Comparing training programmes and understanding qualifications from other countries` systems is one of the main challenges of ECVET implementation. This is because of the various approaches, concepts and traditions for designing and describing qualifications. The VQTS model seeks to transcend the incomparability of qualifications and training contents by focussing on work processes. Of course, differences exist between national ways of offering and organising training but one can identify many similarities in the tasks of modern work processes. Different countries tend to apply similar material, technologies and processes. Therefore, the occupational requirements or the core work tasks – and the necessary vocational or professional competences – in an occupational field can be better compared than the training programmes in different countries for these competences.

The VQTS model provides a ‘common language’ to describe competences and their acquisition and also offers a way to relate these competence descriptions to the competences acquired in training programmes. It enables the transparent representation of work-related competences and the process of competence development:

  • On the one hand, the VQTS model focuses on competences related to the work process and identifies the core work tasks within the context of the particular occupational field.
  • On the other hand, the VQTS model follows a ‘development logical’ differentiation of a competence profile (known as a competence development or acquisition model) and thus can also describe the acquisition of competences.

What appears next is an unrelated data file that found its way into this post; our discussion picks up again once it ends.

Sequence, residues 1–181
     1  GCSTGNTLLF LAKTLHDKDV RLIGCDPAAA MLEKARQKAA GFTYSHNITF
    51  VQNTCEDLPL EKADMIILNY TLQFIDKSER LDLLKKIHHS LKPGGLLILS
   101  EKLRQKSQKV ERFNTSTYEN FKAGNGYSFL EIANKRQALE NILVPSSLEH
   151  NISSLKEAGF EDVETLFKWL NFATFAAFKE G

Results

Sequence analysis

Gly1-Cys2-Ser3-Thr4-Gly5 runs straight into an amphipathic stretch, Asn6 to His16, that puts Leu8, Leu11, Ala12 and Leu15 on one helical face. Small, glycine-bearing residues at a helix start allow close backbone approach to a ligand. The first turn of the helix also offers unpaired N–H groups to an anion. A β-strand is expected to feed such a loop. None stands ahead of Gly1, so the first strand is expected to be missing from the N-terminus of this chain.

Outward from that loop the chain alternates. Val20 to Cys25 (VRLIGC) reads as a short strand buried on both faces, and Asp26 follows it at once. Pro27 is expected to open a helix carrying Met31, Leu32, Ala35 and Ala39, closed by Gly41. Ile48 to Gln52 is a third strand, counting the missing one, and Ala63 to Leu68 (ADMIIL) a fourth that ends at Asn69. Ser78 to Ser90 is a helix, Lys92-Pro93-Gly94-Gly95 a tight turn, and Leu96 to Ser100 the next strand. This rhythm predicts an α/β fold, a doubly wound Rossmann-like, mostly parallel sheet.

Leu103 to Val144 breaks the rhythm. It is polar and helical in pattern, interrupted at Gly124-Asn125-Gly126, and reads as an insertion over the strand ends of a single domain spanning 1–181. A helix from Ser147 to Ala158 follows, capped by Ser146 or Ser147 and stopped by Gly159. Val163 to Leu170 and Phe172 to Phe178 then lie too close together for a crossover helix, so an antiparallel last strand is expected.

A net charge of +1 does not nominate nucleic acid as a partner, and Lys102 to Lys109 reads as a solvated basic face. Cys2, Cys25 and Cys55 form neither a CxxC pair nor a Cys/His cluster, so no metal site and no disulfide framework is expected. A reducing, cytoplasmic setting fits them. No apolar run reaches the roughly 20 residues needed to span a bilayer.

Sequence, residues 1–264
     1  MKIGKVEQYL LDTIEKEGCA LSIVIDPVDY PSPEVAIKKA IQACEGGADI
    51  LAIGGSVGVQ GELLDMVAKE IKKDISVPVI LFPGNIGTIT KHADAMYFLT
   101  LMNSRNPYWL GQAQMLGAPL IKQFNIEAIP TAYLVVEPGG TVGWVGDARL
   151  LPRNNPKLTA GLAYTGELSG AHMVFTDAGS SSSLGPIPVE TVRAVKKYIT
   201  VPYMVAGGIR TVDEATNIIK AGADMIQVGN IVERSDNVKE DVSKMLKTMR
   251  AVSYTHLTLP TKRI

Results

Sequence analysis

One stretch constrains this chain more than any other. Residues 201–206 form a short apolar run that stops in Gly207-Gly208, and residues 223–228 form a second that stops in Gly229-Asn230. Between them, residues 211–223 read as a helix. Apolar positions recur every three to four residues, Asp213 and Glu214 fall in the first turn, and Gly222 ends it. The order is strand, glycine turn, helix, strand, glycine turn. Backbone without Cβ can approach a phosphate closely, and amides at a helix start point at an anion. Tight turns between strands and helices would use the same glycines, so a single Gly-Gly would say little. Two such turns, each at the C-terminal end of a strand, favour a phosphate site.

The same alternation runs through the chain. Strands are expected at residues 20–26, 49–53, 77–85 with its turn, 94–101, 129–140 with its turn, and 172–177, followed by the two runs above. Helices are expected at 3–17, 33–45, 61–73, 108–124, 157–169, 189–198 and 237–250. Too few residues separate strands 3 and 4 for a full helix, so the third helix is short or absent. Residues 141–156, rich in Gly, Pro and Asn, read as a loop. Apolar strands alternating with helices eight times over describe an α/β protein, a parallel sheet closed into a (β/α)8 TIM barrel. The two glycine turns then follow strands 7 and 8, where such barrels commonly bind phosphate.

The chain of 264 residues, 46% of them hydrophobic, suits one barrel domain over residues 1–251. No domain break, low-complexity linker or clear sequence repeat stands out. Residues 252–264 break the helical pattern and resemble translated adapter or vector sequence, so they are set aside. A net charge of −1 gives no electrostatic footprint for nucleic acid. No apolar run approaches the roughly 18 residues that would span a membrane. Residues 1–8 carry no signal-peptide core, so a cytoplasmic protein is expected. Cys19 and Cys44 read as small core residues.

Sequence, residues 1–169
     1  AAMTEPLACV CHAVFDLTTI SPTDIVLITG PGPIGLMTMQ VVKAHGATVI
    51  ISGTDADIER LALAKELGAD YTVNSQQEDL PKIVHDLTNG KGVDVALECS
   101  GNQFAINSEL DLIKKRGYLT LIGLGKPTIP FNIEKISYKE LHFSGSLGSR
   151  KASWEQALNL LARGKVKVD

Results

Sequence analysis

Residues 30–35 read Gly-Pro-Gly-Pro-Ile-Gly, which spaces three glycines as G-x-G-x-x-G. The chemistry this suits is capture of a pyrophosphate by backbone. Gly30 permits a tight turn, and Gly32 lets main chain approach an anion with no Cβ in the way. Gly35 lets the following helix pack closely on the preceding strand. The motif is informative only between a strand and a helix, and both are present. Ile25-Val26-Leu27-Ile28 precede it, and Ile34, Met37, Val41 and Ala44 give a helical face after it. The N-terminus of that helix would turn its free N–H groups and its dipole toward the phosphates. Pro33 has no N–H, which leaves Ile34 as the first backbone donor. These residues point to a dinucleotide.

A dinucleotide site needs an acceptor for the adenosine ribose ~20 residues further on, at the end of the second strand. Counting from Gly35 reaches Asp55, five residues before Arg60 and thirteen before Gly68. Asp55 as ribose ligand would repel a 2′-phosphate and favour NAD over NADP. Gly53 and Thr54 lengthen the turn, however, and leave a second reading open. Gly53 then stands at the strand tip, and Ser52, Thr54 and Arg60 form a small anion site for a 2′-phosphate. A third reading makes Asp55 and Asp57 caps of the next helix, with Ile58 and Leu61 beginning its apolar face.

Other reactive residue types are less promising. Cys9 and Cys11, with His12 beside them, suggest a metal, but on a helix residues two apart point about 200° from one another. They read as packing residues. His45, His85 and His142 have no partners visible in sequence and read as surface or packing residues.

The description of competences in relation to core work tasks can be seen as an attempt to bridge the terminological and ideological gap between the world of education and the world of work.

The core elements of the VQTS model are the competence matrix and competence profiles:

  • competence matrix presents the competences related to core work tasks ("competence areas") in a specific occupational field and the progress of competence development ("levels of competence development") in a structured form in a table.
  • Competence profiles are compiled from the individual parts of this competence matrix.

The VQTS model was originally developed to support transnational mobility in the context of ECVET. However, a competence matrix can also be used to develop qualifications, training programmes and occupational profiles as well as for personnel planning, the allocation of qualifications to qualification frameworks or the increase of permeability between vocational and higher education.